Control of Dynamical Systems via Deep Kernel Learning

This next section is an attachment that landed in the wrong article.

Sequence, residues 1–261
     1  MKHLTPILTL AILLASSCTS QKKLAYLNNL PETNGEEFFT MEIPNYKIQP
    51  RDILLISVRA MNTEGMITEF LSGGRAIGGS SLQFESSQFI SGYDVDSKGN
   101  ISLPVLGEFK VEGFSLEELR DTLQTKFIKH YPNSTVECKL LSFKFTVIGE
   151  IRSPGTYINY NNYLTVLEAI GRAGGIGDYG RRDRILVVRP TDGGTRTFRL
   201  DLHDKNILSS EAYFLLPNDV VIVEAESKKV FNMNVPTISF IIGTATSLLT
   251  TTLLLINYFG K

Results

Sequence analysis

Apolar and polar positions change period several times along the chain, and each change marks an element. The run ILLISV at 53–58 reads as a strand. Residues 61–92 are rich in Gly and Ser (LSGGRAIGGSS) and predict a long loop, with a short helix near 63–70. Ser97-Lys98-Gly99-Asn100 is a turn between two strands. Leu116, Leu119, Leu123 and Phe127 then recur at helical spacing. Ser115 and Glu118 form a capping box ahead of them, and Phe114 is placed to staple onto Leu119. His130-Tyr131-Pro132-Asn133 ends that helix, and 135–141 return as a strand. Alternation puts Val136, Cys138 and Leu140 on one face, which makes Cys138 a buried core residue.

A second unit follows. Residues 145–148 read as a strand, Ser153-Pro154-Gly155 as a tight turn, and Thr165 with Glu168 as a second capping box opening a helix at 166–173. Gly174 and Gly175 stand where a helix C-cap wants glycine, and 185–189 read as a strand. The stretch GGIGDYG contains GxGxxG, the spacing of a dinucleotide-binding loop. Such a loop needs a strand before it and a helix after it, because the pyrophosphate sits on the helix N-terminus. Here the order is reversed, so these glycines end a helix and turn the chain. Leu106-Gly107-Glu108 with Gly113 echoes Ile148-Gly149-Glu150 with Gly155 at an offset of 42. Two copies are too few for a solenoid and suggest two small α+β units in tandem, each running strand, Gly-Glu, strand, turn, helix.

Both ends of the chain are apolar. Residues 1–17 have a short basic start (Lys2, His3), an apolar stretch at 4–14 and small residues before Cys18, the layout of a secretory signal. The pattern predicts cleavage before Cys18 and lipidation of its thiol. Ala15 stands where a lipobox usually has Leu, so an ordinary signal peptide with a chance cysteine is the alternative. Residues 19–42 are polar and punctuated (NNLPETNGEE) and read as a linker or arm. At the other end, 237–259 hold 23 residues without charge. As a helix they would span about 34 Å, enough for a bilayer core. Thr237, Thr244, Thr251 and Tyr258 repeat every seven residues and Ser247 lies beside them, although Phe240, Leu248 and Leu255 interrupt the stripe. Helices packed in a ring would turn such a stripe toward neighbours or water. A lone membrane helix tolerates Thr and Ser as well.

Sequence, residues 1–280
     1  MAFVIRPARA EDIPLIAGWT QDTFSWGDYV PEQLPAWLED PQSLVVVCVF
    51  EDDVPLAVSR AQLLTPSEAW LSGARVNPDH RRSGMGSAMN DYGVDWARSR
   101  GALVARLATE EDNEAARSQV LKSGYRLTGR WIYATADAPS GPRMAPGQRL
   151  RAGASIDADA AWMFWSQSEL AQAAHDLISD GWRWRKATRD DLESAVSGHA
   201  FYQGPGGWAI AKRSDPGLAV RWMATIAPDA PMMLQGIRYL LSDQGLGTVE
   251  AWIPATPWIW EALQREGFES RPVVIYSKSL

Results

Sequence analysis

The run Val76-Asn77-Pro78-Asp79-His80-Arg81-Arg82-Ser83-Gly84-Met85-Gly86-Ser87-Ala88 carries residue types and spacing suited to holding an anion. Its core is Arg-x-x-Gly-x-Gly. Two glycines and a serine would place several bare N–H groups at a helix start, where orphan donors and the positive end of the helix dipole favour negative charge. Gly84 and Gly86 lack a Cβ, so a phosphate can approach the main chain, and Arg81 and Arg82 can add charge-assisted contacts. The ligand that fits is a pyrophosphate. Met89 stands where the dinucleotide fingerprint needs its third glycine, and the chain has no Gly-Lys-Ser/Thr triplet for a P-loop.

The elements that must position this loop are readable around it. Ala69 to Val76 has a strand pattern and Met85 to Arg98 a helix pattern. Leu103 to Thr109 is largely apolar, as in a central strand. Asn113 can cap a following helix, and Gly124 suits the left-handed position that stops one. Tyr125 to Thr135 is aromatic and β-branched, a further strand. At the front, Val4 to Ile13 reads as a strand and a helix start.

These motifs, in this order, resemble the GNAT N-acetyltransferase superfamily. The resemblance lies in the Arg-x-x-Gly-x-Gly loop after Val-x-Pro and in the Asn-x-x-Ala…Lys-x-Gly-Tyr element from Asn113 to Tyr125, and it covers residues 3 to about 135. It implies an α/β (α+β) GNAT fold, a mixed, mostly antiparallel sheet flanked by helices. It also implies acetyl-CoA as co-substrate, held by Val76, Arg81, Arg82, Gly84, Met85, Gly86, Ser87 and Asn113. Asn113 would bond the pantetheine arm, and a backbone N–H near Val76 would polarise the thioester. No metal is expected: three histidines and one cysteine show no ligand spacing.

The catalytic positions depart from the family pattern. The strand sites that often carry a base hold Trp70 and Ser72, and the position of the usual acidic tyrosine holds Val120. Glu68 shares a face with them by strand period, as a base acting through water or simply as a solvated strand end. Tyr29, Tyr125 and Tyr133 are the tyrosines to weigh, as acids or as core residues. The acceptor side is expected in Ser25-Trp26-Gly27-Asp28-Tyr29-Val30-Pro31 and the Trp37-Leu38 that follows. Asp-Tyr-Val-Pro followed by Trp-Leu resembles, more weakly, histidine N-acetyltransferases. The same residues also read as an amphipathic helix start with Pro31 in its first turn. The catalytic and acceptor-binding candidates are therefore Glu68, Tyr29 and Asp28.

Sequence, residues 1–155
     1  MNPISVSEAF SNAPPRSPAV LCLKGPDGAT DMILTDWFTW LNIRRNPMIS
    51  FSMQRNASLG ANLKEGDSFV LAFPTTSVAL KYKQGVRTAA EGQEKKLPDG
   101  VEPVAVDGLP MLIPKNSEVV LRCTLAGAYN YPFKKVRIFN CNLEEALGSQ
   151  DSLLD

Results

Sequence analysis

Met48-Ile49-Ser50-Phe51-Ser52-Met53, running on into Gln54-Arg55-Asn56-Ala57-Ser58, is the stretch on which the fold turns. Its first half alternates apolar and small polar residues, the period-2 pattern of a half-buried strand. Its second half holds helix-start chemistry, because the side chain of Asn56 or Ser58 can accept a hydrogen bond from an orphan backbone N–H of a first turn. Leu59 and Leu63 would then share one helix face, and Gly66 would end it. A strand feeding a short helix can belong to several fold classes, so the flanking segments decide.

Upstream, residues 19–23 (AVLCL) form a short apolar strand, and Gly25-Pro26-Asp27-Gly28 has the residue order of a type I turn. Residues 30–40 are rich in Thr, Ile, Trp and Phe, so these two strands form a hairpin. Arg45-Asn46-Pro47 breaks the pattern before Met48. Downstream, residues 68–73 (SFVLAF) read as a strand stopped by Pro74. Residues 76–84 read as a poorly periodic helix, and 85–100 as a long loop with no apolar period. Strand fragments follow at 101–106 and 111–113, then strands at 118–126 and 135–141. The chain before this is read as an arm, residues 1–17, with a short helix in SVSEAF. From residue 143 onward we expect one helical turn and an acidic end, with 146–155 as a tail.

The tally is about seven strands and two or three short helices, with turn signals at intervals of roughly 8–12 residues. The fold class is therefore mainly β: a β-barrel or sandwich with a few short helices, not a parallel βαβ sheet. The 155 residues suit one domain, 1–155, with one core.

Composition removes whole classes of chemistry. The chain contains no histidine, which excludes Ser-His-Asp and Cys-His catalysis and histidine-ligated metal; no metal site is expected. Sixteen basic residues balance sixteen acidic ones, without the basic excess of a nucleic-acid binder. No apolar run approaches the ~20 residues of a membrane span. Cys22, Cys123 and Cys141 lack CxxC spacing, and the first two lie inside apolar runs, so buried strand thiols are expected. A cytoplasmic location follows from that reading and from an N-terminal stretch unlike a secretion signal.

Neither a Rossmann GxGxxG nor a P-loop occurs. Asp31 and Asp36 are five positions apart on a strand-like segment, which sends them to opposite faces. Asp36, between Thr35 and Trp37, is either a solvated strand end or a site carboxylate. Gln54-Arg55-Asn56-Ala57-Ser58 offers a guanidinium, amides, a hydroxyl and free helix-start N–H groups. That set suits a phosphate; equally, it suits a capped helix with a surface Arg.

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In the field of Systems and Control, optimal control problem-solving for complex systems is a core task. The development of accurate mathematical models to represent these systems’ dynamics is often difficult. This complexity comes from potential uncertainties, complex non-linearities, or unknown factors that might affect the system. Because of these challenges, there is a need for methods that can understand the dynamics using available data and control strategies that can work with such models without relying too much on expert knowledge or task-specific insights. These methods are essential for creating efficient and reliable solutions in a wide variety of applications within the discipline. The need for models that do not require expert knowledge has spurred the interest in applying machine learning methods to control problems. Probabilistic Inference for Learning COntrol (PILCO) is a model-based Reinforcement Learning (RL) algorithm known for its probabilistic approach to model-based RL. By employing Gaussian Process (GP) dynamics models, PILCO integrates uncertainties into its learning process, allowing it to derive control policies from limited data. PILCO’s use of the Squared Exponential (SE) kernel in its GP can restrict the learning capacity. Especially in higher-dimensional spaces, due to the SE kernel’s inherent smoothness assumption that might not capture complex or non-smooth dynamics effectively. The algorithm’s reliance on moment matching for approximating posterior distributions introduces another weakness, which can lead to inaccuracies in non-Gaussian or multi-modal contexts. These shortcomings may limit PILCO’s efficiency and scalability in more complex, higher-dimensional tasks or in situations where the underlying dynamics are not well-captured by the chosen kernel and approximation methods. This thesis introduces Deep Kernel PILCO (DKL PILCO), a novel framework that uses Deep Kernel Learning (DKL) for learning the dynamics, and the Unscented Transform (UT) to propagate the uncertainty. The effectiveness of this approach is demonstrated across various tasks, highlighting the potential of DKL and UT to enhance the scalability and efficiency of model-based RL methods such as PILCO, making it a promising candidate for real-world control applications.